Betty Chenault (later – CLINE) came to Phoenix Junior College (PJC), now Phoenix College, in 1937 with an impossible dream for the time – to become an architect. No company was hiring women as architects, or for that matter, women for any technical field. The country was still recovering from the Great Depression and attention was starting to focus on the looming threat in Europe, which would soon escalate into World War II.
“I often felt I was born in the wrong place and time.” – Betty Cline ‘40
Her father, an architect by trade, encouraged her to pursue her passion. Along with her sister, Rose, Betty came to Phoenix College as a liberal arts major with a pre-engineering emphasis.
Betty and Rose enjoyed taking classes in math, engineering, and the arts at PJC. They both joined the Glee Club and the French Club “Le Cercle Francais”. Both sisters also joined the Engineers Club (a branch of the American Association of Engineers). In addition to bringing in engineering speakers to campus, the club would routinely travel across Arizona on field trips including Bartlett Dam, Parker Dam, and the diesel plant at the cross-cut canal. In her last year on campus, Betty was chosen as secretary-treasurer of the Engineers Club. She even met her soon-to-be husband, Tom McKinley, who was president of the Engineers Club.
At Phoenix College, it was accepted that women could be engineers. The college was open to all who wanted to learn. On the outside world; however, progress was moving more slowly.
After graduation, Betty struggled to find meaningful employment matching her skill set. She eventually found a good job as a drafter for the telephone company in Goodyear, Arizona. Although she was now in “the field” she would need to continue proving her worth. After marrying in 1942, her husband was sent to Nicaragua with the Army Corps of Engineers as a civilian. Since the Army needed draftsmen on the Pan-American Highway, Betty applied to do her part, but was rejected.
Three years later when Tom, her husband, was drafted into the military to join the war effort, Betty refused to be left behind. She was a “camp follower” and found herself in New York. She looked everywhere for meaningful work.
“I’d been turned down flat because I was female at three architectural firms where I heard ‘I’ll close my doors before I hire a woman!’ ” – Betty Cline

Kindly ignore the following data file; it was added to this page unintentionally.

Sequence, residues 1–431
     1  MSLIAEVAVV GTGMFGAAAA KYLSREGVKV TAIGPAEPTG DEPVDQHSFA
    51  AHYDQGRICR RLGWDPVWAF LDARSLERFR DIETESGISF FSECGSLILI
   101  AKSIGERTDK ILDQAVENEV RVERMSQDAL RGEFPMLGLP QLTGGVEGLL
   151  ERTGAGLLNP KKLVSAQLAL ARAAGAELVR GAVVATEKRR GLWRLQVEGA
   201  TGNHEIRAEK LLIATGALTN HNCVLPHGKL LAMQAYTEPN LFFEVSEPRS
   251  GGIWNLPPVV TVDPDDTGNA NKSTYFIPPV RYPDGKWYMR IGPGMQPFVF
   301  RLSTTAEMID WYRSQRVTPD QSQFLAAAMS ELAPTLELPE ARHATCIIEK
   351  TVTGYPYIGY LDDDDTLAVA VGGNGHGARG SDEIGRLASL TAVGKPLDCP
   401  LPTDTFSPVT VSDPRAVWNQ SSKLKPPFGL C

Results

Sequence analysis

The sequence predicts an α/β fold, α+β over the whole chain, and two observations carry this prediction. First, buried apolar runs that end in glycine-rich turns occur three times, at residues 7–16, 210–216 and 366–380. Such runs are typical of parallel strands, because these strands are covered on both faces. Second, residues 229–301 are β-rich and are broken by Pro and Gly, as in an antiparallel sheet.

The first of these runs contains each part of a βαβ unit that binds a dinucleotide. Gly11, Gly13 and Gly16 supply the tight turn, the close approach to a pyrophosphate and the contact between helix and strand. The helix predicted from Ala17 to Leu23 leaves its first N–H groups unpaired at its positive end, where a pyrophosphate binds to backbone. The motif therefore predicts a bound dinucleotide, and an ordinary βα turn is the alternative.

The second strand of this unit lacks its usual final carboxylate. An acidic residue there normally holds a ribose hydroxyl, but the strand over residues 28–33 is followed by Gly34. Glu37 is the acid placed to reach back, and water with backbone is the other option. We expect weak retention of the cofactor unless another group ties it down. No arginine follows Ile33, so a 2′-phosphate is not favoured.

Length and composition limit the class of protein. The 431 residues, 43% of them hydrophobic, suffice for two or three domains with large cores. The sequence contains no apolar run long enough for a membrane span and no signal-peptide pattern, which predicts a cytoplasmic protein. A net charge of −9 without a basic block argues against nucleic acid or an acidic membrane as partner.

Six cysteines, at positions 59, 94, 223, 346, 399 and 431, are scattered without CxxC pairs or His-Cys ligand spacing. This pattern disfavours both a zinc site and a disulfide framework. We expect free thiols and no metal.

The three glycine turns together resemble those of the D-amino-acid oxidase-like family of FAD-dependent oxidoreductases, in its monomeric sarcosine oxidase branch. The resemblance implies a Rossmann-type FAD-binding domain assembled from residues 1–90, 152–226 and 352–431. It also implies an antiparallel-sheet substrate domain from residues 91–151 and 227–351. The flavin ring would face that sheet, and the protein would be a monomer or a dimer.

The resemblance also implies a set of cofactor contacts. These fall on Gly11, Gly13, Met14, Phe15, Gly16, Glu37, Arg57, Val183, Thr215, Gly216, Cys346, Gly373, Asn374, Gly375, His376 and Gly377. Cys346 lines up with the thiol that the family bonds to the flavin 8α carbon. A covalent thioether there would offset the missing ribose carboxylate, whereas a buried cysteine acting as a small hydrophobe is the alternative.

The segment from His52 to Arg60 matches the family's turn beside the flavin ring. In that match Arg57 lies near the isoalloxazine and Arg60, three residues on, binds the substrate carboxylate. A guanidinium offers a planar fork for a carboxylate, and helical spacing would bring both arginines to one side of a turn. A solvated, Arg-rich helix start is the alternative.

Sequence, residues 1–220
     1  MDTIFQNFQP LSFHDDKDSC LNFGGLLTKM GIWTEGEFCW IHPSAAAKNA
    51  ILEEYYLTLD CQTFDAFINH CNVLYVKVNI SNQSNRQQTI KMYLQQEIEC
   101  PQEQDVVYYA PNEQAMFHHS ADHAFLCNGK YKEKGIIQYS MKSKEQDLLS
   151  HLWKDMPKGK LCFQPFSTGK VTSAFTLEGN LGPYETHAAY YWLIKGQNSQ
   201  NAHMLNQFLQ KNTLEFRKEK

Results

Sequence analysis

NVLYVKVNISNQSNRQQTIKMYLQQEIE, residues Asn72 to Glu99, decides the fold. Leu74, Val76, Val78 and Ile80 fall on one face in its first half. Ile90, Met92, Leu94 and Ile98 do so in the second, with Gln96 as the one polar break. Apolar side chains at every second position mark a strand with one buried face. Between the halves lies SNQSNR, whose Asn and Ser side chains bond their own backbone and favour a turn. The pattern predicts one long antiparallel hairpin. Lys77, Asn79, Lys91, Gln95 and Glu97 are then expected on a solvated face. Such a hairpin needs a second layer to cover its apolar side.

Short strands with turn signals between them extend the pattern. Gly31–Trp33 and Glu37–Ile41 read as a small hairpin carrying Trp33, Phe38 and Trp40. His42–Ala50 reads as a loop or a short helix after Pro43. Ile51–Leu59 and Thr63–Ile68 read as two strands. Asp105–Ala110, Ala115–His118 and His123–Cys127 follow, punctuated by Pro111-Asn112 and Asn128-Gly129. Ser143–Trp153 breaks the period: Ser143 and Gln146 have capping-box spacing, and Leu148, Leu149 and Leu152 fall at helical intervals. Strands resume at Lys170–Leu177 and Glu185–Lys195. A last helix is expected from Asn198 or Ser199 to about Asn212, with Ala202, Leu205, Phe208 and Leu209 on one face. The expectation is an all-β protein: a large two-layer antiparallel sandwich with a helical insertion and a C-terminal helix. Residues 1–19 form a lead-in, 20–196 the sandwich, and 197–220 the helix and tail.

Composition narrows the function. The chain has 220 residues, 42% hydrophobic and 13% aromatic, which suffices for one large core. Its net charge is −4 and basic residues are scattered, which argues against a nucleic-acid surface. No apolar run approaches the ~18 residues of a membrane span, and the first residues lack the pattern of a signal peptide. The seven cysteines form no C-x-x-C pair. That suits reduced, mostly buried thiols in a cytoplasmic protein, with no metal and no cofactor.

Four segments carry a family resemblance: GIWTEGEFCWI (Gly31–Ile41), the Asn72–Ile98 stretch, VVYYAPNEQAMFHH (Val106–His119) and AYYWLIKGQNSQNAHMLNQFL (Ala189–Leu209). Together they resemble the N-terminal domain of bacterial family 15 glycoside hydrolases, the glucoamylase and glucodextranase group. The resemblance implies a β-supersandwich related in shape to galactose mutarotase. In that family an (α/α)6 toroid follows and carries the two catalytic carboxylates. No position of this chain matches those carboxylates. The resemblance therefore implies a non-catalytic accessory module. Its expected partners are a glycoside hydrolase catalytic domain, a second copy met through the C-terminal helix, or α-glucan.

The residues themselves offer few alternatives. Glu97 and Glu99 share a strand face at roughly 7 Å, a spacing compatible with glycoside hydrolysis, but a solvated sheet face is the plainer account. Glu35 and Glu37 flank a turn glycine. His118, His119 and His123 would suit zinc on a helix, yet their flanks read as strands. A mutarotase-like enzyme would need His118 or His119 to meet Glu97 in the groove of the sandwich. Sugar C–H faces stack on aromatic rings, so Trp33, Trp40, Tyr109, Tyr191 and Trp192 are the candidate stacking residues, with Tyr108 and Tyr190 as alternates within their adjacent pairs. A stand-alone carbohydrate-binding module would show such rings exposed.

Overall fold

She finally landed the best job she would ever have with a Swedish research engineer. The owner asked her what pay she expected and she boldly told him her worth. “But I pay my best men that!” he answered incredulously. Instead of kicking her out, he gave her three weeks to prove herself, but it didn’t take that long. After one week, he agreed with her assessment and gave her the position of junior design engineer. The team worked with Spanish engineers on the high-speed passenger train, Talgo.
Meanwhile, Tom shipped to France via Great Britain and ended up in the Army of Occupation involved in “The Little Red School House” (a small school that was the location of Germany’s signing of surrender in WWII) and Paris Headquarters. Betty, desperate to see her husband, managed a passport through her employer’s lawyer and soon followed.
“Then I found my French classes and club involvement at PC really stood me in good stead. I did my grocery shopping and social conversations without much trouble. ” – Betty Cline
When the war was over, Betty and her husband came stateside and moved to California. Tom was able to finish his degree in engineering and become a registered engineer. They both obtained employment with the California Department of Transportation; Tom in construction and Betty in drafting. She worked on sub-structures and then, after gaining more experience, moved on to right-of-way highway projects. In the meantime, she had two daughters and spent 20 years as a Girl-Scout Leader, inspiring other young women to pursue their dreams.
After Tom passed away and her children were grown, Betty finally achieved her dream and obtained her engineering degree through a local college in 1977 in the middle of a new marriage, with six stepchildren! She was never one to back down from a challenge.
After 25 years, Betty became involved with a pilot project “Citizen’s Participation.” She spent five fun years holding public meetings and translating engineering lingo to a language the common person could understand.
“I really believe everything you learn you’ll use somewhere and I certainly had a broad start at PC. And I’m grateful for that – including so many of the professors.” – Betty Cline
Betty spent her early retirement years serving on church missions and traveling to exotic places such as Thailand, Russia, and Africa. This year, Betty celebrates her 100th birthday – as Phoenix College celebrates its Centennial Anniversary. Betty embodies what it is to be a PC Bear.